Strictly Come Dancing: Who might replace Darcey Bussell?
The news that Dame Darcey Bussell is to step down from Strictly Come Dancing has left a giant gap on the judges' desk.
The former Royal Ballet principal dancer said on Wednesday she is stepping down after seven series to focus on "other commitments" in dance.
Her spokesperson said reports in a tabloid newspaper suggesting she decided to leave because she was embarrassed by "scandals" on the show and pay issues were "categorically untrue".
Here are eight possible contenders for the plum position on BBC One's hit show.
A professional Latin American dancer, Oti joined Strictly in 2015 as dance partner to Olympic boxer Anthony Ogogo.
Cast on the show following a stint on ITV's Let's Dance, Mabuse quickly won over audiences with her infectious charisma.
Earlier this year she starred as a captain on BBC One's new talent contest The Greatest Dancer, a commitment that saw her drop out of her Strictly duties in 2018.
Speaking to BBC News in March, the 28-year-old described the experience as "just brilliant", adding it was "great learning curve" to be "on the other side of the table".
The former Pussycat Doll joined last year's Strictly line-up as a contestant after two years as a judge on ITV's Dancing on Ice.
She trained in ballet, tap, modern and lyrical dance, and her often flawless performances led some viewers to claim her experience gave her an unfair advantage.
But that training as well as her experience in showbusiness and as a TV judge could all count in the 36-year-old's favour when Strictly producers fill Dame Darcey's seat.
The former Fresh Prince star put in a highly entertaining guest appearance on the Strictly panel when he filled in for Bruno Tonioli on the last series, and has pedigree after winning Dancing With The Stars in 2014.
But his greatest contribution to the world of dance is probably creating the Carlton dance - named after his Fresh Prince character Carlton Banks.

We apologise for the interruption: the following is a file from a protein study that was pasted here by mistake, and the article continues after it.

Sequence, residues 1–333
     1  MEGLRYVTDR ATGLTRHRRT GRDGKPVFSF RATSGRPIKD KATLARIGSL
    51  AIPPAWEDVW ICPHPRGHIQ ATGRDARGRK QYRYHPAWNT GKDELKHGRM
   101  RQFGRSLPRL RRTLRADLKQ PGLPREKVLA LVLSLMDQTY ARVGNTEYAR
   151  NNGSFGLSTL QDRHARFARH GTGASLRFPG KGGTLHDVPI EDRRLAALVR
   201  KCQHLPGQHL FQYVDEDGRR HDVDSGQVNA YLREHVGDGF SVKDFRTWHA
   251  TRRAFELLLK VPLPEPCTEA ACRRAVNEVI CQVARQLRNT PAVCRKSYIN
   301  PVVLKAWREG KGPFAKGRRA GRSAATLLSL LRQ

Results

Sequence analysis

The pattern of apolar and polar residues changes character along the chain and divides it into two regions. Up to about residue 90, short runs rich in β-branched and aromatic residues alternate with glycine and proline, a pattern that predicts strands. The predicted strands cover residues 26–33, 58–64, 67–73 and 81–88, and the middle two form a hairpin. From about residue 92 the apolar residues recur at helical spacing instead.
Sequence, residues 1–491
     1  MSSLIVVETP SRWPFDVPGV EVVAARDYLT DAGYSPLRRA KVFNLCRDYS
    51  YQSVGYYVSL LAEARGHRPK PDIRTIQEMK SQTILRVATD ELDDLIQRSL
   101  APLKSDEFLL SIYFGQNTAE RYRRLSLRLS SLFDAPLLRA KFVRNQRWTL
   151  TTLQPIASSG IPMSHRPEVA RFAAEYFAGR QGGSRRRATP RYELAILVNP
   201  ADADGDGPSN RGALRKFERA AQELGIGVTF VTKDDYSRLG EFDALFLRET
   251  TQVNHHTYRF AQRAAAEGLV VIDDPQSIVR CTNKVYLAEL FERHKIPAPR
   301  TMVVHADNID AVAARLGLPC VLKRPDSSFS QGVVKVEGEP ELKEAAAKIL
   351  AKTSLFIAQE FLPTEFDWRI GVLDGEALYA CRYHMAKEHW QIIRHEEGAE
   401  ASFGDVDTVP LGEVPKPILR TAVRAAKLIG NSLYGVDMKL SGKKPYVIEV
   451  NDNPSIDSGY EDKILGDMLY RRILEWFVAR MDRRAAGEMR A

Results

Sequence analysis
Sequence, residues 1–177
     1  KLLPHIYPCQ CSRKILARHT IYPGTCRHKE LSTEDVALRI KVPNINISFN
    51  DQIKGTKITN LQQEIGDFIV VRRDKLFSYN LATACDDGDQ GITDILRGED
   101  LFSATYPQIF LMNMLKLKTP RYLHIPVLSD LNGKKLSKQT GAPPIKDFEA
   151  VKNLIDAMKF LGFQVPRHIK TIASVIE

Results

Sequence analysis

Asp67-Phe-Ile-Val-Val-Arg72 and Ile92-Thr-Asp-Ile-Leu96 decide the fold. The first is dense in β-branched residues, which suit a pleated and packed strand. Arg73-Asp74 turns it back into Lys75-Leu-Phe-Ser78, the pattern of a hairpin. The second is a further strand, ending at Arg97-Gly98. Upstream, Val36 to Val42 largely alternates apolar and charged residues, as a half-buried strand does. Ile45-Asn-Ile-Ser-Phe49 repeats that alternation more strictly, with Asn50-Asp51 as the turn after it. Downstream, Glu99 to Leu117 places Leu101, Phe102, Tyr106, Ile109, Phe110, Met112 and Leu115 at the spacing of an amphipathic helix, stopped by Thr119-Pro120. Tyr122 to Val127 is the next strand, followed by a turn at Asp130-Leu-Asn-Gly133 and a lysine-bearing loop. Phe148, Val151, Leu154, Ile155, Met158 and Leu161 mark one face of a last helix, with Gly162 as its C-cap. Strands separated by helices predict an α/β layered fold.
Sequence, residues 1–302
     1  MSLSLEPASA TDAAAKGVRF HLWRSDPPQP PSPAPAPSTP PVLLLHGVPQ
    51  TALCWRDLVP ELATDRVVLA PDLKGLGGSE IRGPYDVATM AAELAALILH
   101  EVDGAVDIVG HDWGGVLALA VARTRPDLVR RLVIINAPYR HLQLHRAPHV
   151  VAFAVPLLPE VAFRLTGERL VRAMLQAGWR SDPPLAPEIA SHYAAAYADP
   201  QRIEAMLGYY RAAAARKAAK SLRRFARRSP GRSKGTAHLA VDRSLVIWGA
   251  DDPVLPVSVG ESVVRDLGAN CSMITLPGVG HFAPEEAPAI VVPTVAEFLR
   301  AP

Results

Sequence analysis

He tried to sue the makers of Fortnite last year, claiming the game copied his moves, before temporarily dropping the legal action.
Another Pussycat Doll, Nicole won Dancing with the Stars, the US version of Strictly, in 2010.
And she has also form as a talent show judge, albeit on singing rather than dancing contests - The X Factor in both the US and UK, and The Sing-Off in the US.
She's proved herself in the West End too, earning an Olivier Award nomination for Cats.
Street dancer Banjo shot to fame in 2009 when his troupe Diversity were crowned winners of the third series of Britain's Got Talent.
The London-born performer and choreographer went on to become a judge on Sky One talent show Got to Dance, which ran for five series between 2009 and 2014.
Having now established himself as a TV judge on Dancing on Ice for the past two series, the talent show specialist could be ready to swap ice for the dancefloor.
The former Strictly professional dancer won in 2006 after being paired with cricketer Mark Ramprakash (pictured). She left the programme in 2009, but continued to appear on spin-off Strictly Come Dancing: It Takes Two.
Her "choreography corner", where she reviews the previous Saturday programme, has become a staple of the sister show.
She also opened her own London dance school - Karen Hardy Studios - in 2008.
Anton Du Beke
Du Beke has been a professional dancer on Strictly since the show began in 2004.
Were he to hang up his dancing shoes, he might be ideally suited to take on a judging role.
The 52-year-old has yet to be a winner on the show, but he reached the final in 2015 when he competed with Katie Derham. The pair finished in fourth place.
He has also been critical of the adjudicators in the past, finding particular fault with US singer Donny Osmond's role as guest judge in 2014.
"It wasn't the greatest thing to happen," he told the Telegraph. "They just need to make sure they have someone from a dance background on the panel."
The Melbourne-born former ballroom and Latin dance champion has been a judge on the Australian version of Dancing With The Stars for 15 series.
She trained and competed in the UK, where she lived for 27 years, and was reportedly considered by Strictly producers when Len Goodman left.